Implement the Backend

Here we learn how to build the backend server to handle the user's submission using Express.js.

A completed version of this part can be found here (02_backend). This example uses only uses the command line in the terminal to print messages, no monitoring of the browser console log is necessary.

The backend server gives the frontend a nonce to include in the SIWE message and also verifies the submission. As such, this basic example only provides two corresponding endpoints:

  • /nonce to generate the nonce for the interaction via GET request.

  • /verify to verify the submitted SIWE message and signature via POST request.

While this simple example does not check the nonce during verification, all production implementations should, as demonstrated in the final section.

1. Setup the project directory:

mkdir siwe-backend && cd siwe-backend/
yarn init --yes
mkdir src/
yarn add cors express siwe ethers

2. Make sure that the package.json type is module like the following:

  "name": "backend",
  "version": "1.0.0",
  "main": "index.js",
  "type": "module",
  "license": "MIT",
  "scripts": {
    "start": "node src/index.js"
  "dependencies": {
    "siwe": "^2.1.4",
    "cors": "^2.8.5",
    "ethers": "^6.3.0",
    "express": "^4.18.2"

3. Populate src/index.js with the following:

import cors from 'cors';
import express from 'express';
import { generateNonce, SiweMessage } from 'siwe';

const app = express();

app.get('/nonce', function (_, res) {
    res.setHeader('Content-Type', 'text/plain');
});'/verify', async function (req, res) {
    const { message, signature } = req.body;
    const siweMessage = new SiweMessage(message);
    try {
        await siweMessage.verify({ signature });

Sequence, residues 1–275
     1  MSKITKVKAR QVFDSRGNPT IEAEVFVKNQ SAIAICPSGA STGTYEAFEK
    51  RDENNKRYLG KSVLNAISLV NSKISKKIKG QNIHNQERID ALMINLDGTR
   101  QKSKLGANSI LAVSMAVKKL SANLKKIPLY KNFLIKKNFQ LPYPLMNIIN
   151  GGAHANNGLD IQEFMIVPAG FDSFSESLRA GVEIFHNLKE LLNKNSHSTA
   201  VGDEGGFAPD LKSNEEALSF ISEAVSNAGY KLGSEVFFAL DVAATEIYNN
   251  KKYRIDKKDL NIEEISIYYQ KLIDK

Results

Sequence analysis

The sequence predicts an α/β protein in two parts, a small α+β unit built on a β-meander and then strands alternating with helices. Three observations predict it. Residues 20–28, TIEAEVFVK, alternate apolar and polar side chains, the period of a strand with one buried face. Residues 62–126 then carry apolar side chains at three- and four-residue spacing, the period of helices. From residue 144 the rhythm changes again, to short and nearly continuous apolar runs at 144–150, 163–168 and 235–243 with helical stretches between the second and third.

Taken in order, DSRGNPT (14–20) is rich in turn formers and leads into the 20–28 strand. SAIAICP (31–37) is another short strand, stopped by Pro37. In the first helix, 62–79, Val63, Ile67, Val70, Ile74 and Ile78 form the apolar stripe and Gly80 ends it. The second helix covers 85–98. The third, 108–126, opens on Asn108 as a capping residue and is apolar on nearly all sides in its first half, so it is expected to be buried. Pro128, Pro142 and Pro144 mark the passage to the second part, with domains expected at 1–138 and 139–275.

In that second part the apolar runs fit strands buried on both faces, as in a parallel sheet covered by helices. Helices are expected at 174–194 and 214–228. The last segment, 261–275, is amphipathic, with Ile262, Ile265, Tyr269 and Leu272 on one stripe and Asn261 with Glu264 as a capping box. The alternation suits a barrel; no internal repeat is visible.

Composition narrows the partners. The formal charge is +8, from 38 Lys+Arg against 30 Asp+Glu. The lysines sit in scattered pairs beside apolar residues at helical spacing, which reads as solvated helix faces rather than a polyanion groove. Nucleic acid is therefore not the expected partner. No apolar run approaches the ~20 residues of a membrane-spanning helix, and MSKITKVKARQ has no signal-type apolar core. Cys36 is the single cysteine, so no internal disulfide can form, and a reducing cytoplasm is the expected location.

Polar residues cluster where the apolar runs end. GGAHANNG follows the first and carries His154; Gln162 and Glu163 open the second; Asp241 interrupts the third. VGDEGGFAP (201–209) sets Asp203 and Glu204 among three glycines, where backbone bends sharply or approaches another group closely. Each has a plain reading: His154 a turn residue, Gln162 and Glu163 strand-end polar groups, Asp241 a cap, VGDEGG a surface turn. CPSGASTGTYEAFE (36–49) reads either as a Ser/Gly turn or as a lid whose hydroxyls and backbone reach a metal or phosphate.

} catch {


4. You can run the server with the following command.

yarn start

In a new terminal window, test the /nonce endpoint to make sure the backend is working:

curl 'http://localhost:3000/nonce'

In the same new terminal window, test the /verify endpoint use the following, and ensure the response is true:

curl 'http://localhost:3000/verify' \
  -H 'Content-Type: application/json' \
  --data-raw '{"message":"localhost:8080 wants you to sign in with your Ethereum account:\n0x9D85ca56217D2bb651b00f15e694EB7E713637D4\n\nSign in with Ethereum to the app.\n\nURI: http://localhost:8080\nVersion: 1\nChain ID: 1\nNonce: spAsCWHwxsQzLcMzi\nIssued At: 2022-01-29T03:22:26.716Z","signature":"0xe117ad63b517e7b6823e472bf42691c28a4663801c6ad37f7249a1fe56aa54b35bfce93b1e9fa82da7d55bbf0d75ca497843b0702b9dfb7ca9d9c6edb25574c51c"}'

Note on Verifying Messages

We can verify the received SIWE message by parsing it back into a SiweMessage object (the constructor handles this), assigning the received signature to it and calling the verify method:

message.verify({ signature })

message.verify({ signature }) in the above snippet makes sure that the given signature is correct for the message, ensuring that the Ethereum address within the message produced the matching signature.

In other applications, you may wish to do further verification on other fields in the message, for example asserting that the authority matches the expected domain, or checking that the named address has the authority to access the named URI.

A small example of this is shown later where the nonce attribute is used to track that a given address has signed the message given by the server.

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